For years, the promenade behind the law school has been a sleepy, yet peaceful, space full of Memphians taking advantage of the greenspace and paved trails running the length of the bluff overlooking the Mississippi River. But this spring a new monument was installed that will bring many more downtown residents, tourists and law students looking to take in a bit of history alongside the panoramic views.
The new monument honors trailblazers of the women’s suffrage movement from Shelby County who participated in nonviolent efforts to win the right to vote for American women. In the larger context of the national movement, Tennessee itself was vitally important to the suffrage cause, as it was the final state to ratify the 19th Amendment, with which women won the right to vote.
The design of the monument features six busts sculpted by noted Tennessee sculptor Alan LeQuire, along with a sculptural depiction of the “100 Year March,” a 70-foot long series of 9-foot tall wall panels representing women marching for their rights from 1918 to 2019.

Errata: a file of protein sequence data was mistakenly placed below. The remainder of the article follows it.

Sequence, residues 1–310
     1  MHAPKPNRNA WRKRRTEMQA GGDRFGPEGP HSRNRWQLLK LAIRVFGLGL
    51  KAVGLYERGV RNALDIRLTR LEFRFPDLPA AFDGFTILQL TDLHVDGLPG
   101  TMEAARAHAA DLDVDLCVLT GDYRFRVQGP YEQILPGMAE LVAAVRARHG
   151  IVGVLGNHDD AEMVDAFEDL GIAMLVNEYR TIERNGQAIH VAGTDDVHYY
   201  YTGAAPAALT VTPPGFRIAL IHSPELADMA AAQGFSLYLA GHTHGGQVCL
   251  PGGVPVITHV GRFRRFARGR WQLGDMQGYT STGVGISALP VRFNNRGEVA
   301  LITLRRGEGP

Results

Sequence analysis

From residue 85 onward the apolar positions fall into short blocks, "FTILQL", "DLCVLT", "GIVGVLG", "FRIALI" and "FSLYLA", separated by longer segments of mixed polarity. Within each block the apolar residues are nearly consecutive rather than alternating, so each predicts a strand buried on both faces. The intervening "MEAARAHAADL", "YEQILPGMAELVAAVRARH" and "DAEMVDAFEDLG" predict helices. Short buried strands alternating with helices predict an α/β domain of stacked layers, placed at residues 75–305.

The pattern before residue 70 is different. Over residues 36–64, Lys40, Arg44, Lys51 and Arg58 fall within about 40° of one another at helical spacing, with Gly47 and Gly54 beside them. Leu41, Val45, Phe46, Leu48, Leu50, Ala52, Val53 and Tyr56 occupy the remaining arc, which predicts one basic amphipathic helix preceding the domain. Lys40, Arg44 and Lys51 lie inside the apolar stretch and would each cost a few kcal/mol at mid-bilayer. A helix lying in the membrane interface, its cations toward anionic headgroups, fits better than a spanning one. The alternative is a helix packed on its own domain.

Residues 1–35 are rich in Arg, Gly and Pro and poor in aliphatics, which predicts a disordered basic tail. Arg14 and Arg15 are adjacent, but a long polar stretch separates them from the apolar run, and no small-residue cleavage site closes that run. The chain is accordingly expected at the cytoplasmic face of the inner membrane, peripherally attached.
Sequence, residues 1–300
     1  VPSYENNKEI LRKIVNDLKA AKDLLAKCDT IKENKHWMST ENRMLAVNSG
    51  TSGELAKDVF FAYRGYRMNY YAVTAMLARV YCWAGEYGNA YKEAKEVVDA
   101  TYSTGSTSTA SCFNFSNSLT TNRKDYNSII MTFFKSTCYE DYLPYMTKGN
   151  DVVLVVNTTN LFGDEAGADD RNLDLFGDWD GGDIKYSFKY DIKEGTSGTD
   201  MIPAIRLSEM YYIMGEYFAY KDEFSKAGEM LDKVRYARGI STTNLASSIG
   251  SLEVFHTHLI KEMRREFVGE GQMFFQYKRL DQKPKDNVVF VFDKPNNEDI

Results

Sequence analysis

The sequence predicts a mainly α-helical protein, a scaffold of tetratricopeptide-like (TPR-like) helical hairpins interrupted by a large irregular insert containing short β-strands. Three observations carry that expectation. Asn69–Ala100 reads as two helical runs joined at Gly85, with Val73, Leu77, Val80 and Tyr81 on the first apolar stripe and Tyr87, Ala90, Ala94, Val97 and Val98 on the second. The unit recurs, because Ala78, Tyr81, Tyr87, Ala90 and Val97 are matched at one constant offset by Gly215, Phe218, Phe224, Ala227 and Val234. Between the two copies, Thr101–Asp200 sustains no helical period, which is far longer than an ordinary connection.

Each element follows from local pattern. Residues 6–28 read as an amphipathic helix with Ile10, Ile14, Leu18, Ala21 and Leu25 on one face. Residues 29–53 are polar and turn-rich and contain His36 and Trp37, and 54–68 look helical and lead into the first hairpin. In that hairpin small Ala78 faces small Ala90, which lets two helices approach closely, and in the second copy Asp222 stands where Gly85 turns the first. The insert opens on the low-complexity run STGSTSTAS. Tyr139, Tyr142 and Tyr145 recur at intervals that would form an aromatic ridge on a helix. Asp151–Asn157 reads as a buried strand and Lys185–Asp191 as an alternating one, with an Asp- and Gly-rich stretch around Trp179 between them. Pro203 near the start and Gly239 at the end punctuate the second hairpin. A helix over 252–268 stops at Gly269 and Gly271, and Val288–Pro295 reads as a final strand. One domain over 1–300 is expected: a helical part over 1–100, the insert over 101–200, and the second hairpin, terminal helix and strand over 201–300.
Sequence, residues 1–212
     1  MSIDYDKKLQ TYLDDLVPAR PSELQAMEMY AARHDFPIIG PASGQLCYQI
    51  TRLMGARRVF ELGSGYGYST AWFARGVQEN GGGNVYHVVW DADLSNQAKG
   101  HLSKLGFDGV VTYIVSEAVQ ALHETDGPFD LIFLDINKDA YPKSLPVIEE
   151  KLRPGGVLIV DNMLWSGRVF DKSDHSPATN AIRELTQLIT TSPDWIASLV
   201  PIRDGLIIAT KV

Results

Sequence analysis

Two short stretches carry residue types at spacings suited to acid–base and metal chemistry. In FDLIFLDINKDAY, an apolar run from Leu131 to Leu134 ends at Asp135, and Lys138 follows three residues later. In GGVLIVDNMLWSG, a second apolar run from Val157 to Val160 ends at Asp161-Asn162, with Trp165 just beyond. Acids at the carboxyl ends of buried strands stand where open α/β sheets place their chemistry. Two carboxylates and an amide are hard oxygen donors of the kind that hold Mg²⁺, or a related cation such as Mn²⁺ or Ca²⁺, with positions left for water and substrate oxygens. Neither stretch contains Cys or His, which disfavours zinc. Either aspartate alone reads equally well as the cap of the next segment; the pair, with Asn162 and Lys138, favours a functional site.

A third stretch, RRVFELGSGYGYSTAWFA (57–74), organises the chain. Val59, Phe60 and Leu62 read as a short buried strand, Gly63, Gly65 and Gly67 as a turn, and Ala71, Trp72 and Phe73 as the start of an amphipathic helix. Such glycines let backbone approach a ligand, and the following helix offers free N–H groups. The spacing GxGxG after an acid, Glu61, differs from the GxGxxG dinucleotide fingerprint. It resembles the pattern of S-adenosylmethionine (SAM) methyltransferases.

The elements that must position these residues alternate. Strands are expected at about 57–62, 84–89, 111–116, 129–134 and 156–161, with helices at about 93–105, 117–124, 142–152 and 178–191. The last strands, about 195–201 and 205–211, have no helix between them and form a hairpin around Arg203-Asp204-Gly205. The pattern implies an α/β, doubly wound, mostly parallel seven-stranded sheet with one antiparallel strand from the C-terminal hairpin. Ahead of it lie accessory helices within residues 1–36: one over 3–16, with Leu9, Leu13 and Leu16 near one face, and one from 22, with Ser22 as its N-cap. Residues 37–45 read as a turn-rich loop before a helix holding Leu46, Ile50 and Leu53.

Attached to these wall panels are etched glass portraits and bios of individuals who were instrumental in the woman suffrage movement as well as those whose careers were made possible by the suffragists’ victory.
“This monument is going to be great for heritage tourism. We wanted to focus on those who were instrumental in the suffrage movement, as well as those women whose political careers were made possible by the suffragists’ victory,” said Paula Casey, chair of the Memphis Suffrage Monument Committee.
“When people come here to celebrate this history and to acknowledge the accomplishments of these people, I hope that they will realize how hard-fought that vote was,” said Casey. “This is something that is beautiful, informative, educational — and it should give Memphians a sense of pride.”